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Research article2003Peer reviewed

Methane as a source of carbon and energy for lake pelagic food webs

Bastviken D, Ejlertsson J, Sundh I, Tranvik L


Water-column methane oxidation can represent a substantial carbon transformation pathway in lakes, and circumstantial evidence indicates that methane may be a potentially important source of carbon for pelagic food webs. We estimated methanotrophic bacterial production (MBP), methanotrophic bacterial growth efficiency (MBGE), heterotrophic bacterial production (HBP), primary production (PP), and the relative contribution of methanotrophic bacteria to overall bacterial biomass in three very different lakes during summer and winter. In addition, we measured stable carbon isotope ratios in particulate organic matter (POM), surface sediments, zooplankton, and methane. MBP corresponded to 0.3-7% of the organic C production by primary producers, and 0.5-17% of HBP during summer. During winter, MBP was 3-120% of HBR MBP generally dominated the heterotrophic bacterial production at greater depths. Methanotrophic biomass was 3-11% of total bacterial biomass on a depth-integrated basis. Zooplankton were generally more depleted in C-13 than POM. If phytoplankton delta(13)C signatures were -35 to -30parts per thousand, such as the POM signals, observed zooplankton signatures could be explained by a fraction of 5-15% methanotrophic bacteria in their diet. The results indicate that methanotrophic bacteria can provide a significant food source for zooplankton, and that methane oxidation represents a potentially important benthic-pelagic carbon and energy link in many lakes, particularly during winter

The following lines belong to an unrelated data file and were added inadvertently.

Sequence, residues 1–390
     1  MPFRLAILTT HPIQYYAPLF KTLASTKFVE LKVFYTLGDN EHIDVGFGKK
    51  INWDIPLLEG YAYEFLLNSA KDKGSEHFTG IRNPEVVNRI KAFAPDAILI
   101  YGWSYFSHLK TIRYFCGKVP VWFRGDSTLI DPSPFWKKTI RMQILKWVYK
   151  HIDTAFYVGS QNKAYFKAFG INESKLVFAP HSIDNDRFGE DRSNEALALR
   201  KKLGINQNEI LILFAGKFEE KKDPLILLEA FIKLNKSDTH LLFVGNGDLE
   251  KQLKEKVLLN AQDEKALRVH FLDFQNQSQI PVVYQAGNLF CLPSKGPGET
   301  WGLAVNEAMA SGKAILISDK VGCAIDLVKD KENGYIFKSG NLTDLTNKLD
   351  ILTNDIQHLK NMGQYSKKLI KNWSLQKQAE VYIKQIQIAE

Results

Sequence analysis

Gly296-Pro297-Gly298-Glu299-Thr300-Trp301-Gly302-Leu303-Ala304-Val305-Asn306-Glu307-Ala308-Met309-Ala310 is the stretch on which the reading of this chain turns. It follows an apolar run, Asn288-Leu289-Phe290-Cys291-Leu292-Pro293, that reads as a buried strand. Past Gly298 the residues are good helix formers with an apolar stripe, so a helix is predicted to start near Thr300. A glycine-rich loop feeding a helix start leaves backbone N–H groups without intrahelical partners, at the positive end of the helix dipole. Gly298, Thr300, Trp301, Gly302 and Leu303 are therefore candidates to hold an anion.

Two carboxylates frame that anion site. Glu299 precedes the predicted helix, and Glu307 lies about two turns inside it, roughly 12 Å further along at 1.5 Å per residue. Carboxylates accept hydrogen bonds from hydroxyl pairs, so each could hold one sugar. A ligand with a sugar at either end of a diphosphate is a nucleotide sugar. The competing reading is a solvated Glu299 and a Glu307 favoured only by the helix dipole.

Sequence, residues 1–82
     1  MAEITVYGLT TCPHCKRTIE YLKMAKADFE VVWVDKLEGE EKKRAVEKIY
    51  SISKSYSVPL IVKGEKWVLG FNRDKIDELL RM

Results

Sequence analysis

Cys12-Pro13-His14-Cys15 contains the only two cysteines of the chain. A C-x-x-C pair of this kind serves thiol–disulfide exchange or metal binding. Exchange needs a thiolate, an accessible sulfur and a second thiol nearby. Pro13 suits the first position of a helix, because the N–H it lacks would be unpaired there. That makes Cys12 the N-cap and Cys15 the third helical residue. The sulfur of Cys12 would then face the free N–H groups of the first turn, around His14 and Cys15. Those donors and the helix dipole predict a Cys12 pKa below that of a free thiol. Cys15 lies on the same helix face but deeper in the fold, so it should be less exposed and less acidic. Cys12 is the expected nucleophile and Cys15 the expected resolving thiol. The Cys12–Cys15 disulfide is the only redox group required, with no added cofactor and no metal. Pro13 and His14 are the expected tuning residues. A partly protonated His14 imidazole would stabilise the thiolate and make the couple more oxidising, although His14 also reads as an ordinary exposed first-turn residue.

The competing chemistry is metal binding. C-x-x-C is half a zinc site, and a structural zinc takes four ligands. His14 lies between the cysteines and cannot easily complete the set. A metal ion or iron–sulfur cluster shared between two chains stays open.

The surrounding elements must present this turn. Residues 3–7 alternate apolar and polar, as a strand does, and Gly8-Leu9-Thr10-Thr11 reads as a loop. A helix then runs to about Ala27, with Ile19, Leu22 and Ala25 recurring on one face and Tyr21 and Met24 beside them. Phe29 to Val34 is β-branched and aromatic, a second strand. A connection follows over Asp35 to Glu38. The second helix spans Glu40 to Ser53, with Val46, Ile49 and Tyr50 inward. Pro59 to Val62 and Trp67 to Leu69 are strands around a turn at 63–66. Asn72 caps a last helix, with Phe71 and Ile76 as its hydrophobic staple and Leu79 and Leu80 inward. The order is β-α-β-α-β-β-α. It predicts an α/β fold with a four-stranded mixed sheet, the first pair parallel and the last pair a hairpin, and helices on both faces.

aquatic food webs; bacterial growth efficiency; carbon cycling; methane; as source of C and energy in lake food webs; methane oxidation; methanotrophic bacteria; stable isotopes;

Published in

2003, Volume: 84, number: 4, pages: 969-981

    UKÄ Subject classification

    Environmental Sciences related to Agriculture and Land-use
    Fish and Aquacultural Science

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